But the truer answer to the difficulty I take to be That the sealed book is represented under the idea of a book, properly so called, which, upon being opened, presents to the eye the several objects and schemes of the prophecy, diftinctly delineated on the roll, or volume, when it comes to be unfolded, and which, therefore, must needs be considered as a large one. The open book, on the other hand, is to be regarded, not as a seal, but metaphorical book; and is not produced to be read or contemplated, after a gradual evolution of it, but to be eaten, at once, by the prophet; like that book to which it alludes, and from which the imagery is taken, in the visions of Ezekiel [ii. 8. and ii. 1, 23.] --to eat a book, being, in the hieroglyphics, to meditate upon, and to digeft, its contents. So that this book, no distinguish it from the other, is named a little book : not, that the revelations, conveyed by it, are less con. siderable, or less numerous, than the other, but that the hlē, to which it is put, required only that it should be spoken of, as a book fimply; the diminutive form being here suggested in the term Bobacpédion, that the metaphor of eating it might seem the easier; and (because the former fealed book was of an immense fize) might, under this idea, present itself the more naturally, and give less offence, to the imagination.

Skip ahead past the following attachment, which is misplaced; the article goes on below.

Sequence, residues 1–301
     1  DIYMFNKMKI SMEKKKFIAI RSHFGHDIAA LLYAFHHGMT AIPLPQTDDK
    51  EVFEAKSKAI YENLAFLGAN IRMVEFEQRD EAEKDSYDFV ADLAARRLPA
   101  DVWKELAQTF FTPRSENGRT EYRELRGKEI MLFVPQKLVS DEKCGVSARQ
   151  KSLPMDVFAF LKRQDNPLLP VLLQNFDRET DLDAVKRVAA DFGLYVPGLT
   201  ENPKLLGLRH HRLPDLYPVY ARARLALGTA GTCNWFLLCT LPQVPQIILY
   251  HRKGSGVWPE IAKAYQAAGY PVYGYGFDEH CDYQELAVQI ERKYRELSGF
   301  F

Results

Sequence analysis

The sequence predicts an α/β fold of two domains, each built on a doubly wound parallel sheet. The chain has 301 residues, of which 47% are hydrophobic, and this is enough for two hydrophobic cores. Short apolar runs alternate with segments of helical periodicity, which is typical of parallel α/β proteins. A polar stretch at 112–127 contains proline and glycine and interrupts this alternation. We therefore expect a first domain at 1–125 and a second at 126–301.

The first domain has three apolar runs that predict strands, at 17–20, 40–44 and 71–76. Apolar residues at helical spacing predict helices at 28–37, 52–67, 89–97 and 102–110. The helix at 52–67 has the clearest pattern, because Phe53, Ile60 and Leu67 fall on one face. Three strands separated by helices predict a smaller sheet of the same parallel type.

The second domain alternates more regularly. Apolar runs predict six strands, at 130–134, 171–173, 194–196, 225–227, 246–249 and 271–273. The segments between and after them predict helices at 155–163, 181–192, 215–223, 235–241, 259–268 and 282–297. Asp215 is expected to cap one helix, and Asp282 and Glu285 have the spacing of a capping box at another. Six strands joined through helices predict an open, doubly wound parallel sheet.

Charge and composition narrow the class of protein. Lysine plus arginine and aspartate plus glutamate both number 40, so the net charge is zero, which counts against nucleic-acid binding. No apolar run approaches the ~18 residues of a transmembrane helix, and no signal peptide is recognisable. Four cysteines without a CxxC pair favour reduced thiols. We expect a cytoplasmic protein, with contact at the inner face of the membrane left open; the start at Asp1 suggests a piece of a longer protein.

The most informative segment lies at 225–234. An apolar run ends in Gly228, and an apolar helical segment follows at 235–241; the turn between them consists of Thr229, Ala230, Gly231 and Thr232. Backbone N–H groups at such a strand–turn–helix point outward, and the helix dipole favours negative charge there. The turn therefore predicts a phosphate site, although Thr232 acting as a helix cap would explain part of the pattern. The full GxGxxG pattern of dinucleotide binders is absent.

different views of it, according as two sets of men, the true worshipers and the false, were affected by the fortunes of the Christian Church, this shifting and opposite face of things could not be exhibited together ; but was to be set forth in several and fucceflive, though contemporary, visions, Hence, the prophecy is thought to proceed, when, in fact, it stands ftill, and only presents another prospect of the same transactions.